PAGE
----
Friday is an important day for legal professors, online commentators and numerous anonymous netizens who are waiting eagerly to hear what punishment a murder suspect will receive. It is no ordinary case.
For weeks now, outspoken public figures have been engaged in a heated debate about whether or not to abolish the death penalty in China.
It's been a simmering issue but many feel the debate is taking place at the wrong time and over the wrong case since the suspect has been accused of an especially heinous act.
Yao Jiaxin, 21, a music student at the Xi'an Conservatory of Music in Shaanxi Province, was charged with stabbing a woman to death moments after he struck her with his car.
The victim, Zhang Miao, 26, was taking down the car's plate number when Yao noticed it and used his knife to stab her six times on the street.
Zhang, mother of a two-year-old boy, apparently only suffered minor injuries. But Yao, the son of a retired military official, jumped out of his Chevrolet and decided she would be "hard to deal with."
The accident, stabbing and trial have captured the attention of people on the blog sphere and beyond triggering a debate about whether Yao deserves the death penalty and if it's time to put capital punishment in the history books.
In court, Yao's lawyer said the piano student committed a "crime of passion" for fear of the consequences.
Yao's father tried to offer the woman"s family 30,000 yuan ($4,594) but they called it "blood money" and turned it down.
During the March 23 trial, Yao's lawyer pleaded for a lenient sentence by saying Yao was a "model student."
During the three-hour session, Yao broke down in tears as he talked about being forced to play the piano and that it drove him to consider suicide.
Li Meijin, a professor of criminal psychology at Chinese People's Public Security University, told a CCTV interviewer that Yao's behavior was "compulsive," because he was forced to play the piano by his parents.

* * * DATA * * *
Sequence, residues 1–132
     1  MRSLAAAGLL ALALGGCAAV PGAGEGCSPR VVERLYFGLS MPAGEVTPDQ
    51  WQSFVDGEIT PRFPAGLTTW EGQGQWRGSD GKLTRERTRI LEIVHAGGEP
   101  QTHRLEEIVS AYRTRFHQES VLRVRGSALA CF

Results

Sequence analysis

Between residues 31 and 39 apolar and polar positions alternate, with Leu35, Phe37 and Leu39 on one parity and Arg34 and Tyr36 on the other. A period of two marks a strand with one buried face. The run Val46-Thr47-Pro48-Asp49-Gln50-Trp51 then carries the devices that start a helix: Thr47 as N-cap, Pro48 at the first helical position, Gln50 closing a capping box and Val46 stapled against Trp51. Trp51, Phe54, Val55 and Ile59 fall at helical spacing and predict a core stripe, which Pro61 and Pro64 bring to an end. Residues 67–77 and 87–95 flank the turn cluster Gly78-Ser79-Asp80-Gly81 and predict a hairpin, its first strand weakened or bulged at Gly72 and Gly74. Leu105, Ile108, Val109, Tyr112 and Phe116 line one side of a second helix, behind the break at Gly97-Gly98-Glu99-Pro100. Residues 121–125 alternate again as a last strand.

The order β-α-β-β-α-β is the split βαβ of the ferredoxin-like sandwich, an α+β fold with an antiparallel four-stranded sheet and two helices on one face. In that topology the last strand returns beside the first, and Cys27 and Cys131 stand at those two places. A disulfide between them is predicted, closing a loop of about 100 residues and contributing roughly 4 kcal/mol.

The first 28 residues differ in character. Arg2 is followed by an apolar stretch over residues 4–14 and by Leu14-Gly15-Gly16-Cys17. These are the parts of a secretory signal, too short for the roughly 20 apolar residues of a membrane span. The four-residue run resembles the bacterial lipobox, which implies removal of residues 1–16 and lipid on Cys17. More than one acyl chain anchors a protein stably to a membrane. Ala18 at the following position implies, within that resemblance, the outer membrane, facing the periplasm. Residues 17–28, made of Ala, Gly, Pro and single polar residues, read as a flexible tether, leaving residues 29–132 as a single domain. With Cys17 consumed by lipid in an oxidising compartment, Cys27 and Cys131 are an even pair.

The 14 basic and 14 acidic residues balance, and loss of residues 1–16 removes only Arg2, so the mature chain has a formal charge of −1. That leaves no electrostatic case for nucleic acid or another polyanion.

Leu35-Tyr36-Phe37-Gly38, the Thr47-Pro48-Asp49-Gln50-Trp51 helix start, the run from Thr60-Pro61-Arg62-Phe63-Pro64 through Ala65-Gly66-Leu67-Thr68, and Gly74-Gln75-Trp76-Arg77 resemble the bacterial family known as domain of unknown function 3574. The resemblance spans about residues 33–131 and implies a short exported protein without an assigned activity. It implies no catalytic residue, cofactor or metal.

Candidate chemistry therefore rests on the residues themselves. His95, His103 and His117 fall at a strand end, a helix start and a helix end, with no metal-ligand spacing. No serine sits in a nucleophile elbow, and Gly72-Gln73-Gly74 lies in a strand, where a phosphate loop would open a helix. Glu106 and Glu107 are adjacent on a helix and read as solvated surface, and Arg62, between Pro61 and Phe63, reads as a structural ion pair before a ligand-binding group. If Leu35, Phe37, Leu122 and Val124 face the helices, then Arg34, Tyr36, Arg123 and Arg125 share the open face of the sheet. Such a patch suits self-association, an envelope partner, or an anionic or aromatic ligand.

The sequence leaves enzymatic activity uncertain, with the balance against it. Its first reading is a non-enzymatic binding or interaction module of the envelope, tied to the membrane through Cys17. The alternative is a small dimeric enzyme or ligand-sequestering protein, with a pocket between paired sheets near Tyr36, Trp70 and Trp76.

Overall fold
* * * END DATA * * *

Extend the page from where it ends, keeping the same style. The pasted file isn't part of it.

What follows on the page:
The public was angered. Internet users called her the "defender of a murderer" and launched a "human flesh search engine," and rallied together to discredit her.
The public was also angered when the local court, in a rare but not unprecedented move, asked 400 students to vote on whether Yao deserved the death penalty. The students chose to spare Yao's life.
Courts are not usually open to large crowds of people and the public believes the students were selected carefully since most of them are reportedly from Yao's college.
"I think the situation is scary. It is scarier than the night when Yao stabbed that woman," Li Chengpeng, a well-known writer, said on his blog about using the students to determine Yao's fate.
Another lawyer echoed those sentiments.
"It is not clear how it is connected to the abolition of the death penalty. I don"t know how they (defendant) could do that," said a lawyer who asked not to be named.
The discussion of the death penalty existed long before this case.
"But the judge in this case won"t be able to abolish the death penalty overnight as China is not a nation that depends on legal precedents," the lawyer said.